There’s a difference between winning and being a
And even before Game 1 of the 2021 NBA Finals tips off Tuesday
night, we can say for certain: Chris Paul is a winner.
The “Point God,” he’s called. For 16 long years, he’s maximized
the talent behind him, plied his trade and seen plays happen before
they did. That’s the hallmark of a true floor general — on the
basketball court, while he’s barking directives and trying to
determine where to send the ball, he needs to be able to see the
Perhaps ironically, as the sun sets on his career, it rises in
Phoenix. Paul saw dawn before everyone else.
After leading the upstart Oklahoma City Thunder to an improbable
playoff berth in 2020, general manager Sam Presti made good the
same way he did with Paul George. Presti, it has long been
understood, did his best to take care of those who gave him their
all. It’s obvious that Paul did.
So when the time came for the Thunder to move on and fully
embrace their youth movement, Paul was asked an important question:
Where did he want to play next?
Over seven months after answering it, as he celebrated his first
trip to the NBA Finals, he remembered.
“A big thanks to Sam Presti for even allowing all of this to
happen,” Paul said in reflection.
He could’ve asked for a ticket to Los Angeles, asking OKC to
accept cents on the dollar so that he could join a super-team with
his good friend LeBron James. He could’ve demanded a trade to
Milwaukee to join the then-reigning back-to-back Most Valuable
Player in Giannis Antetokounmpo. While his large contract certainly
limited his trade options, he also could have negotiated a buyout
and signed with any contender around the league. If Paul had become
an unrestricted free agent, he would've received interest from
nearly every team (especially if he was willing to accept a bargain
deal). However, as president of the Players' Association, Paul
didn't want to set that precedent and leave money on the table.
Instead, Paul looked at the upstart Suns — he saw Devin Booker,
Deandre Ayton, Mikal Bridges, Cam Johnson and Cameron Payne — and
said to himself: Give me those
Winning with the deck stacked in one’s favor isn’t the same as
winning against all odds. Self doubt showed up at the front door of
Paul’s condo in Oklahoma City. He answered and chuckled in its
To Phoenix we go.
“I just love to hoop,” Paul would often say in the Thunder
When asked about his future, he’d respond dismissively: “I’m not
thinking about that right now."
As one of the game's biggest stars and leader of the NBPA, he
couldn’t help but to always find a camera staring at him or a
recorder in his face. The league, including his constituents, was
dealing with COVID-19, the Bubble and a historic protest in the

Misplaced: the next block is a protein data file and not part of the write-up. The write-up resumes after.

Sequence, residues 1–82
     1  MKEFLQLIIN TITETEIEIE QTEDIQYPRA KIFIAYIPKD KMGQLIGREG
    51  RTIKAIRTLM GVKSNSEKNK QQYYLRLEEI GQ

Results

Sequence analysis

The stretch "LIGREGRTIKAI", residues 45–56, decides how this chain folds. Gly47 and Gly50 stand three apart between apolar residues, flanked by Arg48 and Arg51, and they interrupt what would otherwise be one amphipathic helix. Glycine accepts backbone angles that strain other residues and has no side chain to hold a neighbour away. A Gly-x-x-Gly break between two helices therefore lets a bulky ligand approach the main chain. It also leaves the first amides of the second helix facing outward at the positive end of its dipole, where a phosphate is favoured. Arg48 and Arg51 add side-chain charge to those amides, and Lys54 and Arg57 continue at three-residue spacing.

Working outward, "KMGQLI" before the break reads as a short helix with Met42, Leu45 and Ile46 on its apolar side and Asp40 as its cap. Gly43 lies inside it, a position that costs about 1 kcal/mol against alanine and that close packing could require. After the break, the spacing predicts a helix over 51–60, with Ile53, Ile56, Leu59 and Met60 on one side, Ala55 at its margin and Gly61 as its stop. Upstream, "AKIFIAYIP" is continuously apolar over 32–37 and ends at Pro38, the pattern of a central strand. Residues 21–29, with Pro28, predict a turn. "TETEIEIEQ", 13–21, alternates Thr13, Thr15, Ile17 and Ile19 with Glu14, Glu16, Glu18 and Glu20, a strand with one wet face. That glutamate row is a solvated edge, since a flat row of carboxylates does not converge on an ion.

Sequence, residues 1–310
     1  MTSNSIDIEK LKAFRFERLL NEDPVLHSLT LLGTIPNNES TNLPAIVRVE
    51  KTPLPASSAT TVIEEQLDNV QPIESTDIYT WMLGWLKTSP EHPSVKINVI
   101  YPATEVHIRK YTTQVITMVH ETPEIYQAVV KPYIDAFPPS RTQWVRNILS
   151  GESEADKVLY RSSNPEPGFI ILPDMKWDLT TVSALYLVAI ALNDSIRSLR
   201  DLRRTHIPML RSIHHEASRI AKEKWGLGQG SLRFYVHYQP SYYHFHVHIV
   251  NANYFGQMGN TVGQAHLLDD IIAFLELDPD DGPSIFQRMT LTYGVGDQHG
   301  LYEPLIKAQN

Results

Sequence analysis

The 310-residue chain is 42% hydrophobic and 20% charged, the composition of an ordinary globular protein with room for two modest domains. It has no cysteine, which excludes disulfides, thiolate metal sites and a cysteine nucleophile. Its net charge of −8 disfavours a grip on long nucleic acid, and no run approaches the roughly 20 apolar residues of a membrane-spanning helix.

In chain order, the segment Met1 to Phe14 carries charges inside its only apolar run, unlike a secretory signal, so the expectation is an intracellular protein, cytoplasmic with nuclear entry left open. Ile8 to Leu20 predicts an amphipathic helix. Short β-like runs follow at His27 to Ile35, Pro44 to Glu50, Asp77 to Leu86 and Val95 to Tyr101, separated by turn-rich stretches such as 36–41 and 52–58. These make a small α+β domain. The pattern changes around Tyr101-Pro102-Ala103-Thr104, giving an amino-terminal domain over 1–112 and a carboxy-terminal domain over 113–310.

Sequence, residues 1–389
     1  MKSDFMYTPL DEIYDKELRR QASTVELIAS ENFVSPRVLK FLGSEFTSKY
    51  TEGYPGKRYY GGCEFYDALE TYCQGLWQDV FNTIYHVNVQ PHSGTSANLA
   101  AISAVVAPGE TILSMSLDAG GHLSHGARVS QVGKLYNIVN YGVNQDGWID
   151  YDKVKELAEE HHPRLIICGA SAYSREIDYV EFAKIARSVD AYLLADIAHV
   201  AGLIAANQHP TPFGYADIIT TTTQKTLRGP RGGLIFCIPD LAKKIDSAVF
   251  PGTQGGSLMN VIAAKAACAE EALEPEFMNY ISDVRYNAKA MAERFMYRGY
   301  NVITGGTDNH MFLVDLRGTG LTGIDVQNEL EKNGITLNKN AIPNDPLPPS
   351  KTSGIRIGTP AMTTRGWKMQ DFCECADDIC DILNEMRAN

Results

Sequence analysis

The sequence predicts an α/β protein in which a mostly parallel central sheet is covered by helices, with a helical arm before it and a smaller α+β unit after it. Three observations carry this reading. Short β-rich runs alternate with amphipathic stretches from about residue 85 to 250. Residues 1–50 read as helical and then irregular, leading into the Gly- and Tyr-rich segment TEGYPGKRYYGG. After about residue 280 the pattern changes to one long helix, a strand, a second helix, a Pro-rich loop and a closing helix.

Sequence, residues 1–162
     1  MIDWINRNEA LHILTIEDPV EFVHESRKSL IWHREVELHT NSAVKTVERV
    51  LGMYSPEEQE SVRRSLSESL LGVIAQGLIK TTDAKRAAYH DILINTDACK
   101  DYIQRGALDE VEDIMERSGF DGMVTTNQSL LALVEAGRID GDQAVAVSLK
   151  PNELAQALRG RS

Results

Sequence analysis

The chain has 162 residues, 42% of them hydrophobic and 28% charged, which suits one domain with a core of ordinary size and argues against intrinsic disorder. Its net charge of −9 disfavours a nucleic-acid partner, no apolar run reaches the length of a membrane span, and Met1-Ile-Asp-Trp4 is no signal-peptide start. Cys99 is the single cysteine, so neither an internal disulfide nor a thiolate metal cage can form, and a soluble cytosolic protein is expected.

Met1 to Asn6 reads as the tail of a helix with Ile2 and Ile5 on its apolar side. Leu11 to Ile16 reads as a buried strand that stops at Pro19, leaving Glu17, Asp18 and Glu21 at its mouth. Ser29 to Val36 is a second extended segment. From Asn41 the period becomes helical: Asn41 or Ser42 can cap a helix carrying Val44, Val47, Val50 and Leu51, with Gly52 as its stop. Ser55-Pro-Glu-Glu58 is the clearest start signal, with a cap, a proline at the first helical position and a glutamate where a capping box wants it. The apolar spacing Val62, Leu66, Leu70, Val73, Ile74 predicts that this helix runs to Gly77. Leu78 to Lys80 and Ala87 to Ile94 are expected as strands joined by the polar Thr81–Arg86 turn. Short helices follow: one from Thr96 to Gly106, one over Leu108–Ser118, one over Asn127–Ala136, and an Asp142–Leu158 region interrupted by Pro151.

wake of the murder of George Floyd.
From afar, though, despite Phoenix failing to qualify for the
playoffs, Paul saw daylight breaking in the desert. Bravely, in the
twilight of his career, he went all-in on what could have been the
final hand of his career and doubled-up.
He ended up bringing Phoenix where he couldn’t bring the Los
Angeles Clippers; he got the Suns to a place he couldn’t quite get
the Houston Rockets.
When it came down to it, with Paul having one last chance to win
the championship that long eluded him, he opted to take his talents
to a place in which he saw himself as the straw that would stir the
drink, not just another ice cube in an already cold cocktail.
At the end of the day, Paul wanted to compete, and in
an NBA where stars conspire to stack the deck in their favor — in
an NBA where the path of least resistance is all-too-often chosen —
Paul decided to do something different. And we’re all better off
When the next young superstar (or two) decides to move on to the
next chapter -- be it Donovan Mitchell, Luka Doncic, Ja Morant or
whoever -- they’ll learn something important from the example Paul
set: the harder the journey, the sweeter the victory.
Yes, Anthony Davis, Jamal Murray and Kawhi Leonard didn’t have
the opportunity to thwart Paul’s Suns, but injuries have always
been a part of the game. Kevin Durant and Klay Thompson each
suffered catastrophic injuries in the 2019 NBA Finals. Draymond
Green’s suspension and Andrew Bogut’s significant injury certainly
played a role in 2016.
If you look hard enough, you can always find a way to discredit
these accomplishments. Haters are gonna hate.
Suddenly, it seems so long ago that Paul was thought to have one
of the worst contracts in the NBA — four years, $160 million is
what he signed for in Houston after the Rockets came within one
game of winning the Western Conference in 2018.
Shortly thereafter, Rockets owner Tilman Fertitta reportedly believed it was “the
worst contract" he'd ever seen, "in business or sports.”
Run out of town by James Harden and Fertitta, Paul took his
aspirations to Oklahoma City, restored his value and then decided
to take the road less traveled when Presti asked him to chart his
Apropos to his opting for Phoenix, instead of throwing a tantrum
and holding out to become the next superstar in a legacy of
super-team building, Paul believed he could be the center to his
I can win in Phoenix, he thought.
When no one else did, Chris Paul believed. The Suns are rising,
and he saw it before us all.